In the form of wrapping device described above, the valve member 53 is a plate which is rotatable between two other plates to control the flow of fluid under pressure between the latter. The effectiveness of the seal between the several plates depend upon the axial pressure exerted upon the 0 rings 165, 166, 174 and 175. This pressure may at times create frictional forces which become too great for motor 43 to handle effectively. A second form of valve, not dependent upon axial sealing pressure, may therefore be preferable. Such second form is shown in FIG. 26 and will now be described.
In FIG. 26, spider 59 is mounted on a shaft 196 supported from a vertical plate 197 through a shouldered bushing 198. Said bushing bears against a shim 199 and a snap ring 200 on one side and on the other side against a gear 201 keyed to shaft 196 to drive said shaft. Gear 201 is driven from gear 48 and motor 43 through reduction gearing 44 and shaft 45. Gear 47 is keyed or otherwise afiixed to shaft 45, all substantially as described with reference to the FIG. 1 form. Gear 47 drives a gear 202 mounted for rotation on shaft 196, and gear 202 drives a single piece double cam 203 the function of which is to control the operation of three valves aifixed to spider 59 so as to be rotatable therewith. One such valve 204 is shown in FIG. 26, it being understood that the remaining valves may be identical therewith. Each valve 204 is connected through a hose 205 to a single passage 206 in shaft 196 which is connected to an inlet passage 207 in stationary plate 197 leading to a source of fluid under pressure. The outlet 208 of each valve 204 is connected to one of the three cylinders 91, and 151.
The shape of the cams 203 and the specific valves operated by the cams determine the sequence and duration of operation of each valve 205. A change in sequence or duration can be readily effected in the FIG. 20 form merely by replacing double earn 203 with one having the desired contour. It may be noted that the seal between shaft 196 and inlet 207 is a radial seal and hence frictional forces between the shaft and its support are reduced to a minimum.
The sequence of operation of the FIG. 26 form is identical to that of the FIG. 1 form and hence will not be repeated here.
It is understood that although the fluid motive power described above is air under pressure, such as is available in most shops, said motive power may also be oil or other liquid under pressure. It is understood further that various pressure reducing and regulating devices may be used in the fluid system to provide the correct pressure at all times for the fluid operated devices described herein.
1. A device for wrapping a tape around a substantially cylindrical article, said device comprising in combination, a frame, a shaft mounted for rotation in said frame, a motor, means connecting said motor to said shaft to drive said shaft, a plate disposed radially of said shaft and mounted on said shaft for rotation therewith, a plurality of rollers adjacent said plate and disposed with their axes substantially parallel with one another and with the shaft, means mounting said rollers on said plate for radial movement relative to said shaft, means for moving said roller-mounting means radially of said shaft to move said rollers against an article around which a tape is to be wrapped, a supply of tape, means mounting said supply of tape on one of said roller mounting means, means for advancing said tape supply toward the article and withdrawing said tape supply therefrom, means for cutting off the tape to be wrapped from said tape supply, and means operated in timed relation with the rotation of said shaft for controlling the sequence and duration of operation of the several means for moving said rollers, for advancing and withdrawing the tape supply and for cutting off the tape to be wrapped.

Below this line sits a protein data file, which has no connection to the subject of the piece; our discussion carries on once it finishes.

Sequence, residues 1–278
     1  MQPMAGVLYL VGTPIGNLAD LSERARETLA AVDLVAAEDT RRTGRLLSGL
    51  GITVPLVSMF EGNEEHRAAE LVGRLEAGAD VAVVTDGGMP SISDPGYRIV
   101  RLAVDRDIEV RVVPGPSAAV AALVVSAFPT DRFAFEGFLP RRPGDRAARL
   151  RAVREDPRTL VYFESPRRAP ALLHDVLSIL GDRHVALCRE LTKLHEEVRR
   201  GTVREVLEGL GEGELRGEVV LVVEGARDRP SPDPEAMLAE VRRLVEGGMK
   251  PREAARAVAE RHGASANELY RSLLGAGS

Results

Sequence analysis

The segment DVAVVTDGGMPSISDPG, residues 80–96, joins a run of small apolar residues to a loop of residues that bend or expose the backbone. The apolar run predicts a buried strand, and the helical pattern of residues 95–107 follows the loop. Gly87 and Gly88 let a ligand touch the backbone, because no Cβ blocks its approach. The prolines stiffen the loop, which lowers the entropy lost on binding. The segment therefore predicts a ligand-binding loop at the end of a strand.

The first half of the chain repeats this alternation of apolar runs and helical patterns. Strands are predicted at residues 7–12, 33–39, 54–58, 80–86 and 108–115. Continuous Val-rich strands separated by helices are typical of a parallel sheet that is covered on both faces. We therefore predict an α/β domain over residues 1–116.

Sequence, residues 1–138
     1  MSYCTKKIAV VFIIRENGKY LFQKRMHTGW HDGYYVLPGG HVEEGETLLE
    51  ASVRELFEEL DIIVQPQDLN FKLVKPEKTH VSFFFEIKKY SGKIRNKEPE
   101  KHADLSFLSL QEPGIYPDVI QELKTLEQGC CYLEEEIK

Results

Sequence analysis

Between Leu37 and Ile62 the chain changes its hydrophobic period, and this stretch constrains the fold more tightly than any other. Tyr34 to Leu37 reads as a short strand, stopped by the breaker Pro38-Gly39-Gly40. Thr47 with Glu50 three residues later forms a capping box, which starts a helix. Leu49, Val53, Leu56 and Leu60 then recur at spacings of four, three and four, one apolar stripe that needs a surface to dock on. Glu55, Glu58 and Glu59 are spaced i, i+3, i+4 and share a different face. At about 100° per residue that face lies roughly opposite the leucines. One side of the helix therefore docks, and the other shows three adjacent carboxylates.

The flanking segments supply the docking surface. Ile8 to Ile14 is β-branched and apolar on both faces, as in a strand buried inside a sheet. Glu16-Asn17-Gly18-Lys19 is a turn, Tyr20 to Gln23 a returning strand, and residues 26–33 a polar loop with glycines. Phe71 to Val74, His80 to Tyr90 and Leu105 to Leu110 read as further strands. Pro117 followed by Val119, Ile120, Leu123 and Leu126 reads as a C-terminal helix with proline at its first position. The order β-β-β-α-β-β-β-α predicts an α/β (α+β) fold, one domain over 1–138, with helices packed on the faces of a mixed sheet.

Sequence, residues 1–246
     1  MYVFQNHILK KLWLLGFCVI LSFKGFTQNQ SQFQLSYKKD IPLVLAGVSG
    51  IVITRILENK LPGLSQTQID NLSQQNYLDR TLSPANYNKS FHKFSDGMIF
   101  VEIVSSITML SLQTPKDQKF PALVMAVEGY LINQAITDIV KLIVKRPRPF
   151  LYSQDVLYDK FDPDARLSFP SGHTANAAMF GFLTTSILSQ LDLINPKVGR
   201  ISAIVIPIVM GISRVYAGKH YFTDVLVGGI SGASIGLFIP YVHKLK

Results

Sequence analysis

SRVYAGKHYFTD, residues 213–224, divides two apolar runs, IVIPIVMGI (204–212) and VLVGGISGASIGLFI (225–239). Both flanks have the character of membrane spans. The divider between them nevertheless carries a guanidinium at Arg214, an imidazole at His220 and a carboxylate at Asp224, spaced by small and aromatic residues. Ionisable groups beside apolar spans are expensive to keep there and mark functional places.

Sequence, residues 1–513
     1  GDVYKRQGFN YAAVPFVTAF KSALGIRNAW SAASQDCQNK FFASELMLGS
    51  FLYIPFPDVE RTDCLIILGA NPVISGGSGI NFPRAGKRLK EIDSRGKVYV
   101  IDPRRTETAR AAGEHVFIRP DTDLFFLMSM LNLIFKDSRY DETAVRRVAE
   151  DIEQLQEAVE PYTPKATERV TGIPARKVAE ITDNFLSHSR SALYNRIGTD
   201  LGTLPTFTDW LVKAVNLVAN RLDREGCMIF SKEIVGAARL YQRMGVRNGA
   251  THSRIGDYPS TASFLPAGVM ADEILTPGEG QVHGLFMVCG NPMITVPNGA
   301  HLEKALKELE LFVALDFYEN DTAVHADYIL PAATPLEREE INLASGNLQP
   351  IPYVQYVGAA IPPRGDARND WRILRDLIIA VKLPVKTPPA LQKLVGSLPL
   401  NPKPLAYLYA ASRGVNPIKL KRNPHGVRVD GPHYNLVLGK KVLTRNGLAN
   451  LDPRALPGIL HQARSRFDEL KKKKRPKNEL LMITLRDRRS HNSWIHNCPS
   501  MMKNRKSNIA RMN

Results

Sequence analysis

2. A device as described in claim 1, a source of fluid under pressure, said means for moving said rollers radially comprising a pressure-differential operated motor, and said means operated in timed relation with the rotation of said shaft comprising valve means rotated in timed relation with said shaft, and means connecting said source of fluid under pressure to said valve means and said valve means to said pressure-differential operated motor.
3. A device as described in claim 1, and adjustable means for determining the axial location of the tape on the article relative to the end of the article.
4. A device as described in claim 1, adjustable means for determining the axial location of the tape on the article relative to the end of the article, and means operated by said adjustable means for initiating the operation of said motor for driving said shaft.